Elaiza Torralba

Writer specializing in health communications | Reporter | Public health advocate

Nearly half of California caregivers experienced financial stress during 2020

In 2020, an estimated 6.7 million Californians provided care for a family member or friend with a serious or chronic illness or disability. According to a study by the UCLA Center for Health Policy Research, 44.4% of those caregivers reported experiencing some level of financial stress due to their roles, and 13.5% experienced a physical or mental health problem due to their caregiving work. In the study, which used data from the center’s 2020 California Health Interview Survey, UCLA researcher

In UCLA survey, most California Latino, Asian immigrants perceive racial discrimination at work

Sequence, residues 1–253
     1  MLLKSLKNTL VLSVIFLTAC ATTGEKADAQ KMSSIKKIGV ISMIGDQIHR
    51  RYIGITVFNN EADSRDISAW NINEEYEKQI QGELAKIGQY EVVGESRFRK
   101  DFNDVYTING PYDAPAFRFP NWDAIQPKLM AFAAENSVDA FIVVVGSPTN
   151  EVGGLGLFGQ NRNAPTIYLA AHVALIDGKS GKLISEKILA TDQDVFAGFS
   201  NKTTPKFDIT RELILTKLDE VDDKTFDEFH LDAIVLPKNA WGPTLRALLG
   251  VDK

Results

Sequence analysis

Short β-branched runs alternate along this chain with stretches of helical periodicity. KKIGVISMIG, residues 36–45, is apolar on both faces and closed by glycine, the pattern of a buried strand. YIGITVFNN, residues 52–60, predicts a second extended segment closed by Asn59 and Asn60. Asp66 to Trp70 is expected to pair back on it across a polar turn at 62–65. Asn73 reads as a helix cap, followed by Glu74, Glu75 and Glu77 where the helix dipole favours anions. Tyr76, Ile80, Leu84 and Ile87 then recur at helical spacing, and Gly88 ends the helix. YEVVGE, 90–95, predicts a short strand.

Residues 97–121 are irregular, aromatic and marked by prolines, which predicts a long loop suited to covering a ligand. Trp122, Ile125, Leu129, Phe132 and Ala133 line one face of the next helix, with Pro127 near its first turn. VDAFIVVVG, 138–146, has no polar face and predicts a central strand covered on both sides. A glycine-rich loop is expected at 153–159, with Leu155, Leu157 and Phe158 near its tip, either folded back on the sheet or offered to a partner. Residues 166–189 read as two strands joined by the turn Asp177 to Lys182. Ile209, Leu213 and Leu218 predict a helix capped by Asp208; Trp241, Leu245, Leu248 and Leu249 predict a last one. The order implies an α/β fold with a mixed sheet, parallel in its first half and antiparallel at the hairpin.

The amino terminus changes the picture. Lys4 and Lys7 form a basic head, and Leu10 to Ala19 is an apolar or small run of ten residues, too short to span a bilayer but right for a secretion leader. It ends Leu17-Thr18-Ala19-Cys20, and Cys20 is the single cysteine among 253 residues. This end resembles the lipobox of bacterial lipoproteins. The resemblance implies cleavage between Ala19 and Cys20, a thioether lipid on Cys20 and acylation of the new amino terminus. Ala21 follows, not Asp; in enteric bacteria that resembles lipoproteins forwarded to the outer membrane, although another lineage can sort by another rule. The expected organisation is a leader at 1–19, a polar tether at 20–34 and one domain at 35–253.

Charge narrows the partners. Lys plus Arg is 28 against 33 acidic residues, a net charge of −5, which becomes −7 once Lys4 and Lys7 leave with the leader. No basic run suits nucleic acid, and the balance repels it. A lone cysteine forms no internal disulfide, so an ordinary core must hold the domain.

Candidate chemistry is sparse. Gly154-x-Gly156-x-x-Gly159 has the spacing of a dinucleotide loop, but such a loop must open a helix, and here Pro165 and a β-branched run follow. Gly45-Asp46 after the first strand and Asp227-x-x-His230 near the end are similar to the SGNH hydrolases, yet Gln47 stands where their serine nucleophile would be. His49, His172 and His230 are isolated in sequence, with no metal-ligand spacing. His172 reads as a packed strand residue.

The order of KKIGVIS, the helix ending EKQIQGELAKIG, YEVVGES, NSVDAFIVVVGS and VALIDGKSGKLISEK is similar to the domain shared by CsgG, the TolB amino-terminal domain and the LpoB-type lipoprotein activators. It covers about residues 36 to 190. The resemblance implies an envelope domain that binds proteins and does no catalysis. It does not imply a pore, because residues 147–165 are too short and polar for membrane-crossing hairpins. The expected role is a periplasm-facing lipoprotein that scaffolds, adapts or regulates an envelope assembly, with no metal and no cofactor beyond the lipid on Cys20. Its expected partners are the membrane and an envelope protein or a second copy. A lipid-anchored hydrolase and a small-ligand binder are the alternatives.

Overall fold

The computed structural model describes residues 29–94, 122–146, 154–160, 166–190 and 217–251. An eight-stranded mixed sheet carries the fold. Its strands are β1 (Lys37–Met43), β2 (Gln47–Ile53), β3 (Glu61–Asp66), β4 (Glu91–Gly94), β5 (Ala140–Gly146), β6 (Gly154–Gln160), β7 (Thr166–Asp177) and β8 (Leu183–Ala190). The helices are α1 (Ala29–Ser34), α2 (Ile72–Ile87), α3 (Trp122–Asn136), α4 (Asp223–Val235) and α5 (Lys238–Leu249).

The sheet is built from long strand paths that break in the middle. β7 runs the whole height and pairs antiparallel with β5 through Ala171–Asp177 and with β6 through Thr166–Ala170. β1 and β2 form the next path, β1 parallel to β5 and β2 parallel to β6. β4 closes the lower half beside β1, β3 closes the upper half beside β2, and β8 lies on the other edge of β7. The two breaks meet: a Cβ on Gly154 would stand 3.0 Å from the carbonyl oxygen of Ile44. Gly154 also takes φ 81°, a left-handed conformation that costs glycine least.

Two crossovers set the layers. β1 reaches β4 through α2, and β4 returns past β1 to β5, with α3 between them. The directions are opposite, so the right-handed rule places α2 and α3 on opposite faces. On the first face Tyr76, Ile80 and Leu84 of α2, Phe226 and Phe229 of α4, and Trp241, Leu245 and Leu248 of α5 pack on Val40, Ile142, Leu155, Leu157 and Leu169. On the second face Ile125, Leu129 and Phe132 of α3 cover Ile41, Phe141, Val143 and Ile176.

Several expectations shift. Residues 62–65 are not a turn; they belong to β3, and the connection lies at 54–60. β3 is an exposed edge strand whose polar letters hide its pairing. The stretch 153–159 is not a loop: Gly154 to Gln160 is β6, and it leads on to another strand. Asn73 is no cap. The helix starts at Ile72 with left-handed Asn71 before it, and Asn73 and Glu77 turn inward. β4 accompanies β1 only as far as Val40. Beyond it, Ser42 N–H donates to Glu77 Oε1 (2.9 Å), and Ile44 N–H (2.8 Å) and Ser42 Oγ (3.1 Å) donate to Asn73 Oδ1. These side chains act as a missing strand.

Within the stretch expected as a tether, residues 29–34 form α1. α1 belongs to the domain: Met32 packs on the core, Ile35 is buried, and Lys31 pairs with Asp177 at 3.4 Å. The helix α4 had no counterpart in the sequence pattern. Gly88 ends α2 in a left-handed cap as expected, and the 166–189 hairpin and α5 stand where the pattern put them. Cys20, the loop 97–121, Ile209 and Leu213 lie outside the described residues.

In reports published today by the UCLA Center for Health Policy Research, 70% of Latino and Asian immigrants said they perceived that immigrants in California experienced discrimination at work due to their skin color or accent. The survey of 2,000 immigrants living in California also found that 65% felt — incorrectly in some cases — that immigrants would be prevented from gaining legal U.S. immigration status if they used government benefits such as income assistance, health care, food program

Women are not receiving needed mental health care through state’s public programs